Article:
By July 11, SS-Hauptsturmführer Erwin Meierdress had led his I./SS-Panzer-Regiment 3 across the Psel on hastily constructed pontoon bridges, reinforcing the tenuous position. The forces in the bridgehead were subjected to several furious Soviet attacks, but with the support of Meierdress' panzers they held their ground and slowly expanded the bridgehead, securing the village of Kliuchi. Strong Soviet opposition had severely slowed division's advance along the north bank. In the afternoon of 12 July, near the village of Andre'evka on the south bank of the Psel, the Soviets launched a major counterattack against Regiment Thule and the division's StuG Abteilung.
SS-Brigadeführer Hermann Priess, the Totenkopf's commander, ordered Meierdress' abteilung to advance and support the beleaguered forces. The PzKpfw IIIs and PzKpfw IVs of Meierdress' unit were supported by the Totenkopf's Tiger I company, 9(schwere)./SS-Panzer-Regiment 3. In ferocious combat with the lead units of the Soviet 5th Guards Tank Army, Meierdress managed to halt the Soviet assault, destroying many Soviet T-34s, but at the cost of the majority of the division's remaining operational panzers.
While the SS-Panzerkorps had halted the Soviet counteroffensive and inflicted heavy casualties, it had exhausted itself and was no longer capable of offensive action. Manstein attempted to commit his reserve, the XXIV.Panzerkorps, but Hitler refused to authorise this. On 14 July, Hitler called off the operation.
Totenkopf was involved in heavy fighting over the next several weeks. During the July-August battles for Hill 213 and the town of Stepanowka, the division suffered heavy losses, and over the course of the campaign on the Mius-Front it suffered more casualties than it had during Operation Citadel. By the time the Soviet bridgehead was eliminated, the division had lost 1500 men and the Panzer regiment was reduced to 20 tanks.
The Totenkopf was then moved North, back to Kharkov. Along with Das Reich, Totenkopf, took part in the battles to halt Operation Rumyantsev and to prevent the Soviet capture of the city. Although the two divisions managed to halt the offensive, inflicting heavy casualties and destroying over 800 tanks, the Soviets outflanked the defenders, forcing them to abandon the city on 23 August.
By early September, the Totenkopf reached the Dniepr. Elements of the Soviet 5th Guards Tank Army had forced a crossing at Kremenchug and were soon threatening to break through the Dniepr line. Totenkopf was thrown into action against the bridgehead.
In October 1943, the division was reformed as 3.SS-Panzer-Division Totenkopf. The Panzer abteilung was officially upgraded to a regiment, and the two Panzergrenadier regiments were given the honorary titles Theodor Eicke and Thule.
After holding the Kremenchug bridgehead for several months, the Soviets finally effected a breakout, pushing Totenkopf and the other axis divisions involved back towards the Romanian border. By November, Totenkopf was engaged fighting intense defensive actions against Soviet attacks over the vital town of Krivoi Rog to the west of the Dniepr.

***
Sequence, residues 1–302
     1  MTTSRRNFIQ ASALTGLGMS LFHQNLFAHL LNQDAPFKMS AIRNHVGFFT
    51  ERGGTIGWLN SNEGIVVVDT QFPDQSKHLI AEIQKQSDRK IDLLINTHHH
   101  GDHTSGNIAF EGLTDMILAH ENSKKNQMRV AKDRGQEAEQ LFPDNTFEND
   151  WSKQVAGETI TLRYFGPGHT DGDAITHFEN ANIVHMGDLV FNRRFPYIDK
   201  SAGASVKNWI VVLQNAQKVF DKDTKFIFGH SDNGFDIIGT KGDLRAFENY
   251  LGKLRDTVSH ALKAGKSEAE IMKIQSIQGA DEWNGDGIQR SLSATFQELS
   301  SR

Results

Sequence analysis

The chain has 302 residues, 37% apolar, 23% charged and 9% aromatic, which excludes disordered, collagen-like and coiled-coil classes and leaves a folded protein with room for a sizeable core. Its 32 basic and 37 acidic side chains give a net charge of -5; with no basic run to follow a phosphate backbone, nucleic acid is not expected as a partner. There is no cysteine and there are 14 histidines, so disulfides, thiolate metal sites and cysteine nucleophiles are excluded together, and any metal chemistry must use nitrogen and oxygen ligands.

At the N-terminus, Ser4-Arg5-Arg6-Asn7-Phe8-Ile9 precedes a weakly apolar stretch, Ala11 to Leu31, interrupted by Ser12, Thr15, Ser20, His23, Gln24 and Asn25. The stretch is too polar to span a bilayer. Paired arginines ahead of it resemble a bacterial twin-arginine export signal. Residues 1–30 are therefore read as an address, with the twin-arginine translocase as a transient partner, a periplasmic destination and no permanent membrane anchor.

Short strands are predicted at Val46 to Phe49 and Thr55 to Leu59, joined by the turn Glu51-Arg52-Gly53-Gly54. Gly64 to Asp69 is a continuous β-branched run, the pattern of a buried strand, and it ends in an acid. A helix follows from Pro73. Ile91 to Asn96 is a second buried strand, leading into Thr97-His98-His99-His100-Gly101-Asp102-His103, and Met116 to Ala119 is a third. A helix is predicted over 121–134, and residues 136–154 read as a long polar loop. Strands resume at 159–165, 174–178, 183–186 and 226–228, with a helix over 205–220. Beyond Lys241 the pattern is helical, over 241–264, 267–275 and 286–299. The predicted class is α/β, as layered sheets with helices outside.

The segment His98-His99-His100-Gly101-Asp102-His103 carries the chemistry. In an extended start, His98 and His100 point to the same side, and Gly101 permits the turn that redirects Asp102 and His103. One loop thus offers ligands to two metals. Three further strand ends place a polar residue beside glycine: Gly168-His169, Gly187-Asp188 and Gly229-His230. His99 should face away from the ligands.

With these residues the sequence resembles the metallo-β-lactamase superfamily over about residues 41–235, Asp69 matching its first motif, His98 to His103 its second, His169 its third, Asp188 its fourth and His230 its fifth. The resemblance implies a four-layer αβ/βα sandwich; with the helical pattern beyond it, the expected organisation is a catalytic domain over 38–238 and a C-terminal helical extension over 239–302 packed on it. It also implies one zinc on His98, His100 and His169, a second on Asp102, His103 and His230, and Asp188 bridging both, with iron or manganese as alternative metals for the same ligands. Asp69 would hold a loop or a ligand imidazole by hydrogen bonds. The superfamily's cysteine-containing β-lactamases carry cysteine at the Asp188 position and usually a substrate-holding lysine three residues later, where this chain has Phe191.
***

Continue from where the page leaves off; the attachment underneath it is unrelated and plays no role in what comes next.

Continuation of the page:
In the second week of March, after a fierce fight near Kirovograd, the Totenkopf fell back behind the Bug River. Totenkopf immediately began taking up new defensive positions. After two weeks of heavy fighting, again alongside the Panzergrenadier-Division Großdeutschland west of Ivanovka, the Axis lines again fell back, withdrawing to the Dniestr on the Romanian border near Iaşi.
In the first week of April, Totenkopf gained a moment's respite as it rested in the area near Târgu Frumos in Romania. The division received replacements and new equipment, the division's panzer regiment receiving a component of Panthers to replace some of the outdated PzKpfw IVs. In the second week of April, heavy Soviet attacks towards Târgul Frumos meant that Totenkopf was back in action, playing a role in the decisive defensive victory. By 7 May, the front had quietened and the Totenkopf went back to the business of reorganising.
In a battle near Iaşi, elements of the division, together with elements of the Panzergrenadier-Division Großdeutschland, managed, amazingly, to halt an armoured assault by the Red Army. The assault, which in many aspects had outlines similar to those of the later British Operation Goodwood, was carried out by approximately 500 tanks, but in excellent defensive positions and through a very skillful use of the high-velocity guns of the German panzers, the German forces of only 160 panzers were able to rebuff the attacking forces and inflict a loss of as many as 400 tanks for the price of only 11 panzers, of which a few could later be repaired.
After The Soviet Operation Bagration and the destruction of Army Group Centre the German lines had been pushed back over 300 miles, to the outskirts of Warsaw. The Totenkopf arrived at the Warsaw front in late July 1944. After the launch of Operation Bagration and the collapse of Army Group Centre, the central-Eastern front was a mess, and the IV. SS-Panzerkorps was one of the only formations standing in the way of the Soviet attacks. On 1 August 1944, the Armia Krajowa, rose up in Warsaw itself, sparking the Warsaw Uprising. A column of Totenkopf Tigers was caught up in the fighting, and several were lost. The Totenkopf itself was not involved in the suppression of the revolt, instead guarding the front lines, and fighting off several Soviet probing attacks into the city's eastern suburbs.